Cheerleading rules for use of social media,jobs in westchester ny for college students,nyc employment tax - Test Out

21.01.2015
Enterprise High School students used social media to coordinate their camouflage attire to cheer for their basketball team in a league title game against Foothill on Friday night.
Sandow's routine is the norm for many teens in general and high school student-athletes in the north state. While the use of social media can stir up school pride, the potential of cyberbullying leads some school administrators to debate whether to put in place written policies regulating the use of social media.
When teenagers — who may not always think through the ramifications of their actions — expose their thoughts and raw emotions in a public forum, they can often be misinterpreted, Enterprise High School athletic administrator Keith Turner said.
The Shasta Union High School District does not have a written plan regulating its students' use of social media, but Turner said he thinks setting such a policy is something schools need to look at more closely.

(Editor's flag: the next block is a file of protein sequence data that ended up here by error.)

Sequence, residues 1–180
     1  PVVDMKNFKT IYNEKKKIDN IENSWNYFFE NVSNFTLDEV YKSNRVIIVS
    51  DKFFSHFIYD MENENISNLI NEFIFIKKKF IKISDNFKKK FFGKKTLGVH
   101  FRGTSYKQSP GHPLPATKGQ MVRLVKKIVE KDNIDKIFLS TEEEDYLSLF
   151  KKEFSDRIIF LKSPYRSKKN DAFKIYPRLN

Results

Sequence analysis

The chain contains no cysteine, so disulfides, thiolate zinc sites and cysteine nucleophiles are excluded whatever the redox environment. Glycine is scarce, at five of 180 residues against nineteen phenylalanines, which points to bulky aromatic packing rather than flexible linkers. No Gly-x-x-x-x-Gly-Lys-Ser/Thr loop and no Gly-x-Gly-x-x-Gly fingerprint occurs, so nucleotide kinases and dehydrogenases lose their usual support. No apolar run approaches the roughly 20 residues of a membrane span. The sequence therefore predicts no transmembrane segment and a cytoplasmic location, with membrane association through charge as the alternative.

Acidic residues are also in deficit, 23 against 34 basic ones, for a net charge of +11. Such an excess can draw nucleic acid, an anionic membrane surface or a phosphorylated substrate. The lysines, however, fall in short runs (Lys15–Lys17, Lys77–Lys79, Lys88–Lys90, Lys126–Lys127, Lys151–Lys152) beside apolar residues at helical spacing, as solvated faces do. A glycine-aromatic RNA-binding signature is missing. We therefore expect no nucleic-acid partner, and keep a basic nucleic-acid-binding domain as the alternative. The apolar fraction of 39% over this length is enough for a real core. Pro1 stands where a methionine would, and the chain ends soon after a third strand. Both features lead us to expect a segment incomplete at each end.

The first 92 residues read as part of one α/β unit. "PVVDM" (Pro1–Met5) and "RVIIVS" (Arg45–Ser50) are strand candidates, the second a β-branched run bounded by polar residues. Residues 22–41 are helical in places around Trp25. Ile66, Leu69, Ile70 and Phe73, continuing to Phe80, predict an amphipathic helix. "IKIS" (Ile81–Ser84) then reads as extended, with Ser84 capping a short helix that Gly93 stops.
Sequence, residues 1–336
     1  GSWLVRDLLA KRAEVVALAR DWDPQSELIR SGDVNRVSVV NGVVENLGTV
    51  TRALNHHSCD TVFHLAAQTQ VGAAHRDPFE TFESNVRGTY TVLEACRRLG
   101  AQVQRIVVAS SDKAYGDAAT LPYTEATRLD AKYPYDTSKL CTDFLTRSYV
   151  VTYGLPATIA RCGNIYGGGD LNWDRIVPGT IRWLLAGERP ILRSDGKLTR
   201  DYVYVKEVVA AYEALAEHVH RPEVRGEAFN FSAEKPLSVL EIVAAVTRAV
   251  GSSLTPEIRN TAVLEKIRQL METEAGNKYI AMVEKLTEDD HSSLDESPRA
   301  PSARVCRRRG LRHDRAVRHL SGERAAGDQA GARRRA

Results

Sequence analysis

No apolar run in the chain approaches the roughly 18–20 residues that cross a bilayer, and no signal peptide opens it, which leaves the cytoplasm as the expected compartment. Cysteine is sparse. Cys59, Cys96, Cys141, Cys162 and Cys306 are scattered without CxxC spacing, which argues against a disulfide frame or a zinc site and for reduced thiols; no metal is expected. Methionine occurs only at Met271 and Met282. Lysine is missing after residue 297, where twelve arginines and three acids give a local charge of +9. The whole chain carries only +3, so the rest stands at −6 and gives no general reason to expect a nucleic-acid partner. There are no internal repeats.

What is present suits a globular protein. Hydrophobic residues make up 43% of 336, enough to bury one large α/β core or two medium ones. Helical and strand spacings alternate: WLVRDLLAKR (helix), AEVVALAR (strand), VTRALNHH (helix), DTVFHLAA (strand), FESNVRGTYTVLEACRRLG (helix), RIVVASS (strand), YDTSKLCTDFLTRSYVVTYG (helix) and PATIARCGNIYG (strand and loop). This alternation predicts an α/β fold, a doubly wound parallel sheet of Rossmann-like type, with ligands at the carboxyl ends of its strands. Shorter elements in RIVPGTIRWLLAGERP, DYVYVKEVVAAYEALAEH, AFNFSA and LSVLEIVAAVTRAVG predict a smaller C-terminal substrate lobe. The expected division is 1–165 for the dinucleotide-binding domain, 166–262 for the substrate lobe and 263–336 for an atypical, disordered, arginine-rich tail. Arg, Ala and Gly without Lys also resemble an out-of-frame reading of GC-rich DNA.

While social media tools are used in a variety of ways by different people, Sandow points to networking as its main source of popularity among teens. Social media can be used as a centralized hub, providing a place of personalized information. Enterprise, Shasta and Foothill High Schools have unofficial Twitter accounts created by anonymous users to promote and rally in support of their schools' athletic events. Such announcements promote harmless rivalries by displaying a passion through social media, said Jace O'Ravez, a two-sport Enterprise athlete involved with the club.
Social media's growing popularity led Enterprise coaches to address its use in athletic meetings with parents and talk with students during team meetings about etiquette. Social media allows sports fans to build a feeling of community before, during and after games.
School cheering sections use social media to organize and rally in support of their sports teams, which has been a positive experience at Foothill as it boosts school spirit. With social media available 24 hours a day, fans or parents have up-to-date information at their fingertips.